“Thanks,” the woman said with a grateful smile. While Bess held the door open, Nancy helped her with the file cabinet.
“That’s a lot for one person to carry,” said Ned. “Are you switching rooms?”
The woman shook her head. “I’m not a student,” she explained. “I just flew in from Chicago for homecoming. I’m staying with my sister, Tamara Carlson. She’s in room five-twelve.”
“Then we’ll be neighbors,” Bess announced as she and Nancy pushed the cart down the hall. “We’re in five-fourteen.”
“Are you an alumna of Emerson?” Ned asked.
“Well, I did attend Emerson for two years—two of the worst years of my life, I might add,” the woman answered, frowning.
Ned flashed Nancy a look that said he was sorry he had brought up the subject.
“Emerson is not near and dear to my heart,” the woman added dryly. “I’m here only to show support for my sister. Tamara’s been nominated for homecoming queen, and winning is very important to her.”
The group came to a halt in front of room 512. “I know Tamara,” said Ned, smiling. “I’m on the homecoming committee, so I’ve met all the nominees. Tamara’s a cheerleader and a member of student council,” he explained to Nancy and Bess. “I think she’s got a good shot at being elected homecoming queen.”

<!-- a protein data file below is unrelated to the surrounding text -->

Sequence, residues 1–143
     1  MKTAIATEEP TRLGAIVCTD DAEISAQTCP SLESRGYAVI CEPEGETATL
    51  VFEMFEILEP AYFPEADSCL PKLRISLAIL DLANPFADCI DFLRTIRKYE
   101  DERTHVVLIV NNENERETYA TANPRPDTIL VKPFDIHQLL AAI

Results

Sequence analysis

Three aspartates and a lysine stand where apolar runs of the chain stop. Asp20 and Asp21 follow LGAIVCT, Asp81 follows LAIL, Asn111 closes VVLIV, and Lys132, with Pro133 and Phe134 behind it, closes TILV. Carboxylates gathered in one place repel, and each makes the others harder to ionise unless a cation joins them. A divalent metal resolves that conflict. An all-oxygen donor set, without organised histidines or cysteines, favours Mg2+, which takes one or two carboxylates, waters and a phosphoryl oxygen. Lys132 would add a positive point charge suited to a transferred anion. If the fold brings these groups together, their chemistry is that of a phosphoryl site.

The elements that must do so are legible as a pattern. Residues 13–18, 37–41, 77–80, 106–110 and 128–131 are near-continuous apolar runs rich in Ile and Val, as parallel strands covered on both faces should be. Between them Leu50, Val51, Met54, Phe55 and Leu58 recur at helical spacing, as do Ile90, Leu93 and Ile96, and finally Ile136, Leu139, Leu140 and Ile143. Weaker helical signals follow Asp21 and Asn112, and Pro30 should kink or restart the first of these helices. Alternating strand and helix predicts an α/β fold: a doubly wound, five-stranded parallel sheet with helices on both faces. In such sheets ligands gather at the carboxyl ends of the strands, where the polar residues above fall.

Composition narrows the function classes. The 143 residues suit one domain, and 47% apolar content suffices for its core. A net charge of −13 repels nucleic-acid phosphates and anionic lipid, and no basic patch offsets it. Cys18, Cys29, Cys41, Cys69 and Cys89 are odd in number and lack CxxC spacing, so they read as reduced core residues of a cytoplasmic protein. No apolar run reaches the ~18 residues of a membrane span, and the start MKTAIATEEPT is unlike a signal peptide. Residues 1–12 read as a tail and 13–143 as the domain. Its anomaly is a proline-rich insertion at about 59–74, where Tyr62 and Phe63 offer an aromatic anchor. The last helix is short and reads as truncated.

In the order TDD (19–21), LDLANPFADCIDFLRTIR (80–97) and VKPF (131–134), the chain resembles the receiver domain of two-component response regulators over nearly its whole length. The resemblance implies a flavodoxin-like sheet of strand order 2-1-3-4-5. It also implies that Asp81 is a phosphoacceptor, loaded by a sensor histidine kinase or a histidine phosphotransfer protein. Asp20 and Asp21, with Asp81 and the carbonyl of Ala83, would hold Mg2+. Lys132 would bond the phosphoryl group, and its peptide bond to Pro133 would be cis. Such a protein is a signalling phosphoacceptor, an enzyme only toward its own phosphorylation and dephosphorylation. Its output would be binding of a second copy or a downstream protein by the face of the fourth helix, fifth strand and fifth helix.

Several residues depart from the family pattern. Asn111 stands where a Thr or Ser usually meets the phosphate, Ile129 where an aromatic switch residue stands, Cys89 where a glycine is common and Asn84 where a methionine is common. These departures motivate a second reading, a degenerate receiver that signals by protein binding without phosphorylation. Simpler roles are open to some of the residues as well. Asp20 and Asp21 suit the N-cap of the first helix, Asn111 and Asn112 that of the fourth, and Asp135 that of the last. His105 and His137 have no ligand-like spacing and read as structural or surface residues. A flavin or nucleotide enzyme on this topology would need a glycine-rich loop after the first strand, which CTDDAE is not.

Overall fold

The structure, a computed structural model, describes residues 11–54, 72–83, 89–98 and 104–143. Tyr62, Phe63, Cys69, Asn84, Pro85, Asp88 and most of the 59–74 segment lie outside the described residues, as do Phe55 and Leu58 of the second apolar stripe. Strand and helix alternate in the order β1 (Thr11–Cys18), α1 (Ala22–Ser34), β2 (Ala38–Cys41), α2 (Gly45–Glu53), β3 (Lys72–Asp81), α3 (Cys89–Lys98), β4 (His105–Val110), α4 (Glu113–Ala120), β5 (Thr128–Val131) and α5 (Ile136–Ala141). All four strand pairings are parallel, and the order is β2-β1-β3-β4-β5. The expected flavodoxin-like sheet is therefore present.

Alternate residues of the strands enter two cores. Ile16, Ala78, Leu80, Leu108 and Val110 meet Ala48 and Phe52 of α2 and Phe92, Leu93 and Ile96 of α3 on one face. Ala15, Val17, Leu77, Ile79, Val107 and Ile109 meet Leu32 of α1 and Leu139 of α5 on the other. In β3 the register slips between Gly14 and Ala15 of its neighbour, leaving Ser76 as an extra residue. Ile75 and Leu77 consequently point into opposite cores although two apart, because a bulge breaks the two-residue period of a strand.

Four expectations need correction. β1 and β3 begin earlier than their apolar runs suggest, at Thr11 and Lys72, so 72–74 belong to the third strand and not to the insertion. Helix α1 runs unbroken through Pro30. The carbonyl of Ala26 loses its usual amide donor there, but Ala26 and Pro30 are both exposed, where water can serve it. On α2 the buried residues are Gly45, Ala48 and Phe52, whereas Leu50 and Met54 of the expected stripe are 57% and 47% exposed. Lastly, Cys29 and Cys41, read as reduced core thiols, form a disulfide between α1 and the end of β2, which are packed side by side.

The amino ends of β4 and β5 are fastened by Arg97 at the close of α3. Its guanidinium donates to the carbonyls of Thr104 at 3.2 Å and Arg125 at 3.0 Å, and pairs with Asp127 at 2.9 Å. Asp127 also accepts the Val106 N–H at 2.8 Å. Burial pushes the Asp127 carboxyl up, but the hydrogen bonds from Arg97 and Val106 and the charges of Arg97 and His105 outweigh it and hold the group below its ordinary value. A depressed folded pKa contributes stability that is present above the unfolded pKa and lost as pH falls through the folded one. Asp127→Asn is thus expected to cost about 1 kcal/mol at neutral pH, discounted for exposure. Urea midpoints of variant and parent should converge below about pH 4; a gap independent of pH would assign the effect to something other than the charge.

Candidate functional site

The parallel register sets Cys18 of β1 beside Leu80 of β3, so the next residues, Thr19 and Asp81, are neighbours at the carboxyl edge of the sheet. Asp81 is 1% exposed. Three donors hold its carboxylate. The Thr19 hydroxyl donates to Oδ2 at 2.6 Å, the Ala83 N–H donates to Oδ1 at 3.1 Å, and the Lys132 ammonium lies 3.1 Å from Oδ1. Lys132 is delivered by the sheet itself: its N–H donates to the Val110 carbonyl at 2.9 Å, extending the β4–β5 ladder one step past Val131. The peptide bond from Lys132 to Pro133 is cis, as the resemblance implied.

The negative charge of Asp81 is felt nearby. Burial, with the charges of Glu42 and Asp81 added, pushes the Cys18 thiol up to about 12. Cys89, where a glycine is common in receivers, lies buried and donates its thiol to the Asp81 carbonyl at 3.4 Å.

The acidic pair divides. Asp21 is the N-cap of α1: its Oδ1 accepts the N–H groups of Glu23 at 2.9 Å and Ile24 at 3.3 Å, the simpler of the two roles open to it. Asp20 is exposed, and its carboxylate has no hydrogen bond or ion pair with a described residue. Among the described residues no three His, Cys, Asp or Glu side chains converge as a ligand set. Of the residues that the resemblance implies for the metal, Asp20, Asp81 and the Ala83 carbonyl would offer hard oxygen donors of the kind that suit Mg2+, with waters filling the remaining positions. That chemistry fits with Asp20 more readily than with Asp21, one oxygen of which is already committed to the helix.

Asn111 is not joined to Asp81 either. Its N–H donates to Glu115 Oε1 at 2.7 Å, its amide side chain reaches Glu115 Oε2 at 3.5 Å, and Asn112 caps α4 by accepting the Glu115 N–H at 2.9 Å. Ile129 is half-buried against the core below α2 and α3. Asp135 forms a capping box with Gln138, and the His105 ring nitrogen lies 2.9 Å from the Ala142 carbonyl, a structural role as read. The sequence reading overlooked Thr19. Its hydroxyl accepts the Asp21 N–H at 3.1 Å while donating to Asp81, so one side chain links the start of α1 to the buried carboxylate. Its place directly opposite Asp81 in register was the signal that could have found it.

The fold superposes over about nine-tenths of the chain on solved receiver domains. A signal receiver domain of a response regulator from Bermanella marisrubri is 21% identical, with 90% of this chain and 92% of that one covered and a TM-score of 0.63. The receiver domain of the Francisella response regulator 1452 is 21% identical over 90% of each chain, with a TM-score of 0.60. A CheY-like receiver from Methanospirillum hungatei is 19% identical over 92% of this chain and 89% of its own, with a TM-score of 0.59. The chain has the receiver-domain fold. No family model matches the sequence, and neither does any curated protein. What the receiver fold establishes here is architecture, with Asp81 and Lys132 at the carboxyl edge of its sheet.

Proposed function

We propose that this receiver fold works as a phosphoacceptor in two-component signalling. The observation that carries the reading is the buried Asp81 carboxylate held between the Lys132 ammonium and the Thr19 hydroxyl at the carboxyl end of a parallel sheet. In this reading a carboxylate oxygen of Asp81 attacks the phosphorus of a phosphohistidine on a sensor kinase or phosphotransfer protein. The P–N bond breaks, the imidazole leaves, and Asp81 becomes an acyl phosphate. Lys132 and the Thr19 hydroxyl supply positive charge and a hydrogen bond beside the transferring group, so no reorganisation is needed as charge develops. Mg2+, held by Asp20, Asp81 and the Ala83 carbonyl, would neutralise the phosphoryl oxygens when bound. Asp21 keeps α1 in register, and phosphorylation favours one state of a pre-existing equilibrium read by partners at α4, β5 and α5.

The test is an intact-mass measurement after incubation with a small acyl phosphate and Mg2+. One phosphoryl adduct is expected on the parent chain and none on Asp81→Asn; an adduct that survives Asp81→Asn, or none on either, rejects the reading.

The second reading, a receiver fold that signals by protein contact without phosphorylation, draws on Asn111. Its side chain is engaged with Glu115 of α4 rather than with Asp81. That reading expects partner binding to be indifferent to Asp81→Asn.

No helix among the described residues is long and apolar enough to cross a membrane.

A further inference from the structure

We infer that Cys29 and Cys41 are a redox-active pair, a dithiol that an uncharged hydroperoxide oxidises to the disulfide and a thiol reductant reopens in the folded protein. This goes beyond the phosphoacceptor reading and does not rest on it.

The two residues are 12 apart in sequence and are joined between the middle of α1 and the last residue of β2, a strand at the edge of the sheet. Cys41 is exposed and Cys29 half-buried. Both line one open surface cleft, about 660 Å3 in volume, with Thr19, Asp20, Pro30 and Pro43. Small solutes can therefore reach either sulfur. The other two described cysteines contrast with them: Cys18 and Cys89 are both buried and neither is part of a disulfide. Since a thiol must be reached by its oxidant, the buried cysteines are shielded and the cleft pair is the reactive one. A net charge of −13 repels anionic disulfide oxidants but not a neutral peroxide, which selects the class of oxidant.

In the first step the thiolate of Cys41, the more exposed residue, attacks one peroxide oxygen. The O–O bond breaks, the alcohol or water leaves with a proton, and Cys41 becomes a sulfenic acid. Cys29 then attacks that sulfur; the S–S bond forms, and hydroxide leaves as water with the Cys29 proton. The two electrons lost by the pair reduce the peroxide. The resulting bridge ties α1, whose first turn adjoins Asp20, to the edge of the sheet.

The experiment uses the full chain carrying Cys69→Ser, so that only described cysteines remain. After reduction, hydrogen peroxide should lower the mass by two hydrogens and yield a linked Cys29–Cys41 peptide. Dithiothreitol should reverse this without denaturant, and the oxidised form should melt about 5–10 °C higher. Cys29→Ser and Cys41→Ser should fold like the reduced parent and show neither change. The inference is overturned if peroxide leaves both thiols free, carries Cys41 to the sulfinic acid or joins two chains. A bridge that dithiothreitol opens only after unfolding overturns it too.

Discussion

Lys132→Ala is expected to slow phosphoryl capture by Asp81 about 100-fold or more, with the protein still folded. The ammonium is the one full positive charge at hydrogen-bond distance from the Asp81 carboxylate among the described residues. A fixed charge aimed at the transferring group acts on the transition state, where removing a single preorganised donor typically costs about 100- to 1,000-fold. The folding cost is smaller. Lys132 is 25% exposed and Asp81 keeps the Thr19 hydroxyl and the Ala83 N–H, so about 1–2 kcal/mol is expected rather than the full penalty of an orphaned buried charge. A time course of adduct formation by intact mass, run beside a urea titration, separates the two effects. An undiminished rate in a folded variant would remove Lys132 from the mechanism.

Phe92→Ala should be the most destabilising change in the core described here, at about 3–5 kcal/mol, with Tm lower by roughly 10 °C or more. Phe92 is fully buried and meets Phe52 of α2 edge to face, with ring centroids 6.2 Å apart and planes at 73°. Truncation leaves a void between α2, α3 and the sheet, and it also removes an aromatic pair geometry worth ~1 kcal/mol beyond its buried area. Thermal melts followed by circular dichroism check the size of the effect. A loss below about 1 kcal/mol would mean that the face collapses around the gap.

The woman smiled, and her harsh expression softened to one of pride. “It’s sweet of you to say that. I didn’t mean to be so snippy. Returning to Emerson is bringing back a lot of memories. By the way, I’m Susannah Carlson,” she added, extending her hand.
Nancy, Bess, and Ned introduced themselves. “Don’t worry about it,” Bess said good-naturedly as she shook Susannah’s hand. “I’m happy to meet someone with more luggage than me!”
Susannah grimaced at her bags. “I know I should travel lighter,” she said, “but I run a mail-order business. I can never seem to go anywhere without my files.” She opened the door to her sister’s room and started dragging her luggage inside. “You may have heard of my company—Susannah’s Spices?”
Bess’s face lit up. “Of course! I use your Snappy Cinnamon on my toast.”
Susannah seemed pleased. “Well, thanks again. Guess I’ll see you around this weekend.”
After they left the dorm, Ned led the girls along a tree-lined path that led down a hill opposite the oval. At the foot of the hill a lake sparkled in the late-afternoon sun, reflecting the brilliant fall foliage of the nearby trees.
They headed along the edge of the lake and past the boathouse to a large cedar-sided storage shed. When Ned pulled open the sliding door, they were immediately struck with the sounds of voices, pounding hammers, and rock music. The huge open space was filled with floats in various stages of construction and crowds of students scrambling around them. Nancy could make out a globe of the world, a giant top hat, and a train. Some of the creations, still in the beginning stages, were just chicken wire twisted over wooden frames.
“Wow, this place is really hopping,” said Bess, pausing next to Nancy just inside the shed door.
“Will these floats really be ready on time for Saturday’s parade?” Nancy asked.
“Sure,” Ned replied with a nod. “Some of the best ones are whipped together just hours before the parade.”